I watched Obama's oath of office and inaugural address on the TV in the conference room with a dozen of my co-workers, who run the political gamut. There was a diverse collection of snorts (at Rick Warren's frankly odd and creepy intonation of the Obama girls' names, for instance), good-natured snickers (at Obama, who seemed nervous and unlike himself during the oath, and Chief Judge Roberts, who looked poleaxed and seemed to sprint off of the stage), and approving nods (at many of the performances, and at the the delivery — if not, universally, the content — of Obama's speech).
I wanted to call attention to one line:
For we know that our patchwork heritage is a strength, not a weakness. We are a nation of Christians and Muslims, Jews and Hindus – and non-believers.
I'm not a non-believer. I'm a Presbyterian — a deacon, in fact. But I was happy and proud to arrive at a time when the President of the United States would make such a clear statement of inclusion in such an important speech. I know, and respect, many atheists and agnostics — among them my father and close friends. I abhor any suggestion that they are less than full and equal participants in American society. That's a suggestion delivered by, for instance, polls suggesting that a majority of Americans say they would not vote for an atheist, and by a large component of modern political rhetoric. For better or worse, with or without scriptural basis, I feel that my relationship with God requires tolerance of the private beliefs of others. And I'm quite certain that in the long term the security of my freedom to worship as I will depends upon vigilant defense of other people's right not to worship. A civic culture that officially denigrates people for lack of faith is a civic culture that will, sooner or later, intrude into the private sphere of belief in other ways.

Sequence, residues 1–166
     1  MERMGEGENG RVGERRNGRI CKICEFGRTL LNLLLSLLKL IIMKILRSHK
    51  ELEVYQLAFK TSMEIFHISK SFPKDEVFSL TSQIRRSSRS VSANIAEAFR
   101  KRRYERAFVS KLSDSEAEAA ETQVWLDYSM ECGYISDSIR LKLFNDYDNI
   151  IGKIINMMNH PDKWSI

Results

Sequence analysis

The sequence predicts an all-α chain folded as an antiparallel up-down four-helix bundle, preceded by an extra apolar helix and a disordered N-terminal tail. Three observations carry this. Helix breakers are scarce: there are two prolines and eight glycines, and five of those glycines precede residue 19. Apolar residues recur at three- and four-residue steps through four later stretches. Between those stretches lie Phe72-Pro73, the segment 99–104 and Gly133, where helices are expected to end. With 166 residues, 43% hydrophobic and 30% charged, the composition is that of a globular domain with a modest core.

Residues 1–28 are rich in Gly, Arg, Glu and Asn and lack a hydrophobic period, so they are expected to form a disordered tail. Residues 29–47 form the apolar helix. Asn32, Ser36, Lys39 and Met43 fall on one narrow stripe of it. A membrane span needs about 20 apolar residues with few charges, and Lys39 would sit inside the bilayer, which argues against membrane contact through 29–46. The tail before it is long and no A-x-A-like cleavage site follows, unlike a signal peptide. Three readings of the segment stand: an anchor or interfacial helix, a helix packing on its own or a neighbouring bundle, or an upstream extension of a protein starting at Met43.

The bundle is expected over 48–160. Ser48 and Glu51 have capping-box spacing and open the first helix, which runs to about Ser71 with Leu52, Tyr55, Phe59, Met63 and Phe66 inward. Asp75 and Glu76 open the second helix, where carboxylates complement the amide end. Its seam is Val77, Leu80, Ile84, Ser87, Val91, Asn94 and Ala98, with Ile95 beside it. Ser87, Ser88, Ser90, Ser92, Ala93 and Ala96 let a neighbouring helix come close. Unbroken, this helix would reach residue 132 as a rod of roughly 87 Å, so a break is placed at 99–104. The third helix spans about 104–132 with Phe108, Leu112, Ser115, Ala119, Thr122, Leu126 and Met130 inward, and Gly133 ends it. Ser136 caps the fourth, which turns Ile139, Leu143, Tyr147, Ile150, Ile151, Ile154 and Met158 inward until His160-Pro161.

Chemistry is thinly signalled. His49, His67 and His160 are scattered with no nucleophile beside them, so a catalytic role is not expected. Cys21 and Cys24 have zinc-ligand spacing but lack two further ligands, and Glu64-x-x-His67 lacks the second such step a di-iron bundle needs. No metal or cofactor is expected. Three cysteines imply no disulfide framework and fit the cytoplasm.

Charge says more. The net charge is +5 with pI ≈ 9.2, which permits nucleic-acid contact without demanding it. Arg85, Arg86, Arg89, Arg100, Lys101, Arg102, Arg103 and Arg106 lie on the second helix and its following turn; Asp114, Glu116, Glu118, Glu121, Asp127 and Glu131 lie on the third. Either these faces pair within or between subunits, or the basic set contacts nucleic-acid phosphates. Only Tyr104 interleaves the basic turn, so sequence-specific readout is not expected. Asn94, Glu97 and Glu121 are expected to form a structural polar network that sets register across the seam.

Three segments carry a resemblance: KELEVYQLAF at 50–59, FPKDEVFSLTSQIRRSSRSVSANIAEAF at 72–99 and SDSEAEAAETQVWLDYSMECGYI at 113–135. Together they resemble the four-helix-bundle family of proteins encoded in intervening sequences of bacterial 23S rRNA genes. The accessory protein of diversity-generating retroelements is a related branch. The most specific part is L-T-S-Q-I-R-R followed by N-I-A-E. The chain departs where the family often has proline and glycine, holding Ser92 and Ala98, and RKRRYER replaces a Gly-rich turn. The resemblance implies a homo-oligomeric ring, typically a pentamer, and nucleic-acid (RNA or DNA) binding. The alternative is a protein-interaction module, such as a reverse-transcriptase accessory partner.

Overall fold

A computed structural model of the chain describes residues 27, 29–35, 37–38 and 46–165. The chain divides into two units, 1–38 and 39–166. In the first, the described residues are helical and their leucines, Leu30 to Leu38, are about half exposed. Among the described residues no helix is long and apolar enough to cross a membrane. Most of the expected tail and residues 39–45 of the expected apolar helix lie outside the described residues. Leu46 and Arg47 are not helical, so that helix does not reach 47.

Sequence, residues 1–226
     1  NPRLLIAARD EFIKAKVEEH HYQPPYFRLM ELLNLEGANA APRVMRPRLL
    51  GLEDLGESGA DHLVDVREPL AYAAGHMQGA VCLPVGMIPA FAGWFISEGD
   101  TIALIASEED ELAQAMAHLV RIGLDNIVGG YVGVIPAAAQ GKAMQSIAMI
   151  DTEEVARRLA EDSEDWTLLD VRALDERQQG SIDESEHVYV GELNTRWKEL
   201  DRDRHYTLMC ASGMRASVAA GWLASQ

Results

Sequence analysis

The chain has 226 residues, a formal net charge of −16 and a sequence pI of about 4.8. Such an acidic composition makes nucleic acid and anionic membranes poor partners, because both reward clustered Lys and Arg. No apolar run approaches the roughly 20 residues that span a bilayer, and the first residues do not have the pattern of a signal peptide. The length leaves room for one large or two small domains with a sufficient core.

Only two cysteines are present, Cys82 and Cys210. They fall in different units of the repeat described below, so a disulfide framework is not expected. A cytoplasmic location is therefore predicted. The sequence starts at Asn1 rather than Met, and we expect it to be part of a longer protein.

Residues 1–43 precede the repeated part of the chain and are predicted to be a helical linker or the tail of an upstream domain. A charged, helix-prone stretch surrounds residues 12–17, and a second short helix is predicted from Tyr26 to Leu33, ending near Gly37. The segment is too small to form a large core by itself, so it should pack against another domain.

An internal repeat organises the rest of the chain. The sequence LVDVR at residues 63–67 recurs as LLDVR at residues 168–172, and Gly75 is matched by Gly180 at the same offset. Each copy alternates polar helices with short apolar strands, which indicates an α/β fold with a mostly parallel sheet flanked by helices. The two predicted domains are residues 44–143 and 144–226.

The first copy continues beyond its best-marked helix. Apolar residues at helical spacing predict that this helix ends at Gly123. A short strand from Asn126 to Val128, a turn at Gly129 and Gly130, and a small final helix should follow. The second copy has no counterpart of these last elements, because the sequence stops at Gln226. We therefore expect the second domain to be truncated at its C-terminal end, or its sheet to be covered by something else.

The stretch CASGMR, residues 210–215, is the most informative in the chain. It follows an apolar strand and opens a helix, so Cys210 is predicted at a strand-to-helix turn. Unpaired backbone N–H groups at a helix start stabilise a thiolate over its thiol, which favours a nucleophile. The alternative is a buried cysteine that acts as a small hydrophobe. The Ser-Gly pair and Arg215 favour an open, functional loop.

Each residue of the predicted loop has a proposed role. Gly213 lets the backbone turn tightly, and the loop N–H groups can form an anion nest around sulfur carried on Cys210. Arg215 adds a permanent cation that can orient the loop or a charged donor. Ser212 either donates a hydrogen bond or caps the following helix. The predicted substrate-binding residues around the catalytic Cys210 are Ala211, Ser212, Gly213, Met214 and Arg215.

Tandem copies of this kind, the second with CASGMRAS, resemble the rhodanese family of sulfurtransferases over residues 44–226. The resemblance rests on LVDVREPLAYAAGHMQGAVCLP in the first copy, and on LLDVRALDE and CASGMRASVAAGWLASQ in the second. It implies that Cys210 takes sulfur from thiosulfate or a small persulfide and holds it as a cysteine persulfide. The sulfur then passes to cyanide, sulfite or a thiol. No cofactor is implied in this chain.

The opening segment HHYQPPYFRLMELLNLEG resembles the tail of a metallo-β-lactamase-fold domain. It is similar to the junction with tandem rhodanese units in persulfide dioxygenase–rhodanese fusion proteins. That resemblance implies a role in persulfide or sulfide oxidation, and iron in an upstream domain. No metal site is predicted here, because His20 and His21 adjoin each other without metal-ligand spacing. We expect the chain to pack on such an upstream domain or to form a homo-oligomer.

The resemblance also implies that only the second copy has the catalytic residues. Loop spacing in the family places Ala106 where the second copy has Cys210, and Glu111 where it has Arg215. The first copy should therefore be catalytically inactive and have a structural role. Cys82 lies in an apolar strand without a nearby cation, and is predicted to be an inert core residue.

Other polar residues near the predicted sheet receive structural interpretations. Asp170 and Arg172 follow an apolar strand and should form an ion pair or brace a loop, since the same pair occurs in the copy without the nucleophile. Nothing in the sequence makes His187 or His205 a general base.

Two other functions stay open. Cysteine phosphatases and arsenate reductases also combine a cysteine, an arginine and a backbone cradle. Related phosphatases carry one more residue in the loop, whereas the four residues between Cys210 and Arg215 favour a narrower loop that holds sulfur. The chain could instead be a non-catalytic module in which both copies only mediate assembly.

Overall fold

Arguably the message of inclusion was watered down by the omnipresent invocation of "civic religion" during the proceedings. But that's an argument for another day.
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